One of the most widespread, and one of the most unhelpful, models in Knowledge Management is the DIKW model, which suggests that knowledge emerges from information, which emerges from data.
This is unhelpful, because it ignores the fact that most knowledge (especially if we think in terms of "Know-how") originates from people, and is transferred from person to person, rather than being aggregated from data, via information.
A way to think about knowledge management, which I think is a much more useful way, is to think about Knowledge Management being the systematic and structured way of transferring strategic and operational knowledge from suppliers to users.
In a recent blog post, I explained about Collect and Connect as being two routes for knowledge transfer between the supplier and user, but now let's look at the supplier and user themselves.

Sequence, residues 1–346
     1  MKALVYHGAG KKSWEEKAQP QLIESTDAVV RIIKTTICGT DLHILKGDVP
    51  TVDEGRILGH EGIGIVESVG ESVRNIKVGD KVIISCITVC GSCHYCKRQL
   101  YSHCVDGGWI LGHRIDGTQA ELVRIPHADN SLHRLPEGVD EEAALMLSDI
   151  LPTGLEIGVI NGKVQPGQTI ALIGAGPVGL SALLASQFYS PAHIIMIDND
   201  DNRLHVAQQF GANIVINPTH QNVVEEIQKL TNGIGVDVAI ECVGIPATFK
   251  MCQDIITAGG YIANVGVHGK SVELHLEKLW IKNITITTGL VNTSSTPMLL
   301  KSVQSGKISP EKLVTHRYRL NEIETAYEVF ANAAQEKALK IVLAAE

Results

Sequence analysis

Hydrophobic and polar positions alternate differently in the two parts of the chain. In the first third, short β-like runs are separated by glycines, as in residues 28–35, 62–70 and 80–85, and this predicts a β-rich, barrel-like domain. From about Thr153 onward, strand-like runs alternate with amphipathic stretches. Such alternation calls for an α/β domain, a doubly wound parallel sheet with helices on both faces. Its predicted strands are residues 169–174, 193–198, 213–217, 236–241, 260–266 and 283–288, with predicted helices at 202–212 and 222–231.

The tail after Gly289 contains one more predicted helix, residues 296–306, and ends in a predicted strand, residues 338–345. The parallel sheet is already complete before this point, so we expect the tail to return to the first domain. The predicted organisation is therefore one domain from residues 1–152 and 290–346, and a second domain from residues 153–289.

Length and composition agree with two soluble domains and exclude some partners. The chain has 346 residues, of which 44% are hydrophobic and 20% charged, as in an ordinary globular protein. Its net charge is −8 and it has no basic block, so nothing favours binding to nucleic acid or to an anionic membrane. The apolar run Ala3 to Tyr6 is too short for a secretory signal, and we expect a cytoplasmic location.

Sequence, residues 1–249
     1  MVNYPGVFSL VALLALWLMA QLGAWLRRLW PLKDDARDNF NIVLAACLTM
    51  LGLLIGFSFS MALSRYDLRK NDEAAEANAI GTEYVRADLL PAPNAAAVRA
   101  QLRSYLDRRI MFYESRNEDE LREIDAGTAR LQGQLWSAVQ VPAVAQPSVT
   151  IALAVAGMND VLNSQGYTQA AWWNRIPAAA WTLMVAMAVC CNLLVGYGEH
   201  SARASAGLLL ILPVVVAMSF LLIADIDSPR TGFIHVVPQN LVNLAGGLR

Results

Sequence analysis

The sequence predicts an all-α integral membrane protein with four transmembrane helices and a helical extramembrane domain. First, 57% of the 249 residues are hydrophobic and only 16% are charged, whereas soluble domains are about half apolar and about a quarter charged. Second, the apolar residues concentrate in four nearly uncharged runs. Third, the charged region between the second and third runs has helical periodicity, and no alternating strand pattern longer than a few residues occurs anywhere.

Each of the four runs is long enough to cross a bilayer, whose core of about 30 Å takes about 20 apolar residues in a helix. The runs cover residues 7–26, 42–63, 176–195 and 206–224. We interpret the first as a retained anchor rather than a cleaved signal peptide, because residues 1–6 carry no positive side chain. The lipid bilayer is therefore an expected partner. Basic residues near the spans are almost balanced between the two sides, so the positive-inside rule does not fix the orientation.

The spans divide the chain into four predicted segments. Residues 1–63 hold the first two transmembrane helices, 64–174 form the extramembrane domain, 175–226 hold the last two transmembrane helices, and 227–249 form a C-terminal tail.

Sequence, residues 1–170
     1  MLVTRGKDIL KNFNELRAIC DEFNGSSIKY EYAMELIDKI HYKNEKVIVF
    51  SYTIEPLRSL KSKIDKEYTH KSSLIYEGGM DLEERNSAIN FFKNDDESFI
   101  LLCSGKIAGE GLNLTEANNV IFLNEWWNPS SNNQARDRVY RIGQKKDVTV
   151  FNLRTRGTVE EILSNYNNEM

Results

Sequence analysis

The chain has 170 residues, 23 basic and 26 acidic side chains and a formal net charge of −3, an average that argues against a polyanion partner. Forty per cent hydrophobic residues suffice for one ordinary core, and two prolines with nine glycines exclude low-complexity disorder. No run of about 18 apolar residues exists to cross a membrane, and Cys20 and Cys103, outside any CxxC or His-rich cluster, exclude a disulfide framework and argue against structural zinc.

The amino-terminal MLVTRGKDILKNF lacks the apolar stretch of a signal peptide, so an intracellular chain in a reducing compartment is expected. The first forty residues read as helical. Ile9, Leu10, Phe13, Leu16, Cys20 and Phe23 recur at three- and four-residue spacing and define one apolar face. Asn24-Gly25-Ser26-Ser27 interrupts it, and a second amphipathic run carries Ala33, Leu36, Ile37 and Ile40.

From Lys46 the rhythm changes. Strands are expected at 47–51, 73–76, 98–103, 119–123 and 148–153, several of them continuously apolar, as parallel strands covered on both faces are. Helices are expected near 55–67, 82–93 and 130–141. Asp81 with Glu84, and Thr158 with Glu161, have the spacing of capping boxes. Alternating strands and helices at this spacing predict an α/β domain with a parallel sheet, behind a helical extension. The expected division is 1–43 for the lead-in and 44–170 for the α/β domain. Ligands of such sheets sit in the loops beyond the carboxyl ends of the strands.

Knowledge is created through experience, and through the reflection on experience in order to derive guidelines, rules, theories, heuristics and doctrines. Knowledge may be created by individuals, through reflecting on their own experience, or it may be created by teams reflecting on team experience, or communities of practice engaged in collective sense-making. These are knowledge suppliers.
Knowledge is applied by individuals and teams, who can apply their own personal knowledge and experience, or they can look elsewhere for knowledge – to learn before they start, and benefit from shared experience. These are knowledge users. One of the challenges for knowledge transfer, is that often the user is unknown.
Knowledge management consists of building an enabling environment, or framework, where the users are expected to, and given the tools to, seek for and re-use knowledge whenever they need it, and where the suppliers are expected to, and enabled to, share and/or store their knowledge, wherever and whenever they have something of importance to share, using either Connection or Collection, depending on which is appropriate.